In moments of rejoicing or times of anxiety, worship is Gods provisional avenue for us, his kids, to have joy and confidence in these days. The invitation to tell-God-how-good-He-is delivers us from self-centered thinking to freedom and joy. 

Like Peter, we navigate the stormy waves of our souls by keeping our eyes on Jesus. (Matthew 14) 

Worship is the corrective eye-glass that brings His image into focus when our eyes are dimmed and distracted by world-waves: despair, self-entitlement, fear, pride, consumerism, pain, bitterness. 
My family and church are entering a season of great potential for these world-waves to cloud our vision. Knowing these next months will tempt me to lose heart, I must proceed with holy intentionality.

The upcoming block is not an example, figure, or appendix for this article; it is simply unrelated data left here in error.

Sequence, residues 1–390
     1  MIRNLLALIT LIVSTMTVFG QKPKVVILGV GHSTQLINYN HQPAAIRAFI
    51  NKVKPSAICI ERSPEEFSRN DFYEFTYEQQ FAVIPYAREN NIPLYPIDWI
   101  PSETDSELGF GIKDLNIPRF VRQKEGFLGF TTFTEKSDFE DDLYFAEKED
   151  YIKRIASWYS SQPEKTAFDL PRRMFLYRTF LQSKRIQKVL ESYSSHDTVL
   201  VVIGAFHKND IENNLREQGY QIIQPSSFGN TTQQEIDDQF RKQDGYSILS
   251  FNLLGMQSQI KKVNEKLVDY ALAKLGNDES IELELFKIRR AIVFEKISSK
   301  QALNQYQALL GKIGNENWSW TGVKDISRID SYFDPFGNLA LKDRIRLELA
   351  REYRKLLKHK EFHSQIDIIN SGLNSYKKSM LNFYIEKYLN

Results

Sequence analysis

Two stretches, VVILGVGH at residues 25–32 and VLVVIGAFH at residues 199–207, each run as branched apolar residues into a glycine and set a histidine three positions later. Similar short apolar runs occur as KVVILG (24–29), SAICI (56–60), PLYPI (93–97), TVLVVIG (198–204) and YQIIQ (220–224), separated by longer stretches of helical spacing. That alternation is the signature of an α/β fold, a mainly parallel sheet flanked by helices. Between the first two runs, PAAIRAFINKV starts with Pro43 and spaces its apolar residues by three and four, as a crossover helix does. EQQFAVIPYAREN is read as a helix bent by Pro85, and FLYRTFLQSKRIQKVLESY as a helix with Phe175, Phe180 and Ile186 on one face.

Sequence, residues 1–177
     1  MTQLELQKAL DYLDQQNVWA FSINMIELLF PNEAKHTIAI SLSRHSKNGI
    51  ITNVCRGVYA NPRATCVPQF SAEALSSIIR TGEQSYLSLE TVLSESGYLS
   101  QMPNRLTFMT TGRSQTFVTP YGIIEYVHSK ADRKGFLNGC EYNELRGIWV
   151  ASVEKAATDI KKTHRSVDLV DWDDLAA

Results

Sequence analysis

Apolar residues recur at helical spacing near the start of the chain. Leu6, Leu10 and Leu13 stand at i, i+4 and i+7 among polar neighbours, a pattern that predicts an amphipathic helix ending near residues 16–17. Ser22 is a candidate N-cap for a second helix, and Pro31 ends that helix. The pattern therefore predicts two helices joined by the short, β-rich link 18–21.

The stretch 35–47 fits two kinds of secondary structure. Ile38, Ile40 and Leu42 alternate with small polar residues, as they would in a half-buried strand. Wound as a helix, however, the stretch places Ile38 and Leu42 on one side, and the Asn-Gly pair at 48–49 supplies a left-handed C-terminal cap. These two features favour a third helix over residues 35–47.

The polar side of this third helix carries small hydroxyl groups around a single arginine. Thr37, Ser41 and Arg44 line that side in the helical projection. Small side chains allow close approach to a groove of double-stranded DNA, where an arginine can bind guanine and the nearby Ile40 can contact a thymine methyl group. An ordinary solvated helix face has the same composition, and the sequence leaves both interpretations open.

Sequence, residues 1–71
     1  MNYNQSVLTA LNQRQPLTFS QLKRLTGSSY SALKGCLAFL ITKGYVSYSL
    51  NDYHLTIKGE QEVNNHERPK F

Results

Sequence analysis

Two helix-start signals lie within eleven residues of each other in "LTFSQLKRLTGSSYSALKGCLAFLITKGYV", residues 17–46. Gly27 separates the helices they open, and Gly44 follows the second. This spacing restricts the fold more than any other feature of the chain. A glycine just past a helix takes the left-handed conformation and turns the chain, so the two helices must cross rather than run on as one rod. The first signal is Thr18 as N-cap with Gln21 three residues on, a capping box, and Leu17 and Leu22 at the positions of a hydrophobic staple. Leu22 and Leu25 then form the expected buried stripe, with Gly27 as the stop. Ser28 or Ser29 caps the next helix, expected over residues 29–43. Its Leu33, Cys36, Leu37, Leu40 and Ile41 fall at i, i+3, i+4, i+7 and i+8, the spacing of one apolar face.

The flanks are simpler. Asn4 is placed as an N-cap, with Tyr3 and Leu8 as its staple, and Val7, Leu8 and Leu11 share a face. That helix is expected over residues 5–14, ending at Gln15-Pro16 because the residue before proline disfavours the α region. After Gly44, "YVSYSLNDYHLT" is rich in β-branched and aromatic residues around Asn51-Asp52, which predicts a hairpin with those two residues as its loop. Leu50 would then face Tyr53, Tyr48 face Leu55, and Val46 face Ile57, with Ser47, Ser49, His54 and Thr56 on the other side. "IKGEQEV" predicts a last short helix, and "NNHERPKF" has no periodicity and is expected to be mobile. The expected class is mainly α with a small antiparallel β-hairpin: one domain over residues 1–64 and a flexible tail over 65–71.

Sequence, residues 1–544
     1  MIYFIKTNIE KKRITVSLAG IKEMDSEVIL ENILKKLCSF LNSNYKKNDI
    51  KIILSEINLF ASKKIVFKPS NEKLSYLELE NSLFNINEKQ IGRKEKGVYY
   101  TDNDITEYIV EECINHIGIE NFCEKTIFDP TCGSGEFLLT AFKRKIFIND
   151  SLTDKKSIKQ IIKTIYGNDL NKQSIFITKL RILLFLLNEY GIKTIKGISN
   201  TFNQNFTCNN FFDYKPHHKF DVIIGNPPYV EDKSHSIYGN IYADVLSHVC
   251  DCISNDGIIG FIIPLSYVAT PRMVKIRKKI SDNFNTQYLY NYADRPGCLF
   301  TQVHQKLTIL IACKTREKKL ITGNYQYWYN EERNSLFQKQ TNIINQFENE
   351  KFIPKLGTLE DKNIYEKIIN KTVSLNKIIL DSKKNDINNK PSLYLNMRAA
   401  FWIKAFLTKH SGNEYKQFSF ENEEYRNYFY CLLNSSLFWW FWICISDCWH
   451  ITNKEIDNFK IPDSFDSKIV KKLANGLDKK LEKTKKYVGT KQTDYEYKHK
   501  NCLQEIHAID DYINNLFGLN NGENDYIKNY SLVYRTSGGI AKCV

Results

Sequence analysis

I have decided to choose worship over worry, to look at the healer instead of the wound, and to bask in his good light that leads rather than wallow in the valley of shadows. Perhaps you’d like to join me? 

Here are some practices to help: 
1. Make It Personal: Sometimes as we worship, we need to re-state a verse, a hymn, a song, or other truth that exposes Gods bigness, faithfulness, or goodness in a relatable way to our own souls. When we allow truth to impact with such intimacy, we respond with worship. 

In the last few years, I have sung the song “Oceans” a hundred times, at least. I have always appreciated the lyrics, however, only recently have I personally unpacked them. To me, “Spirit lead me where my trust is without borders” was always about travel and missions. As I sang it recently, I realized that it’s less about “missions” and more about meekness. In other words, “I will submit to what you are doing even when I don’t understand. I will not put boundaries on your plan.”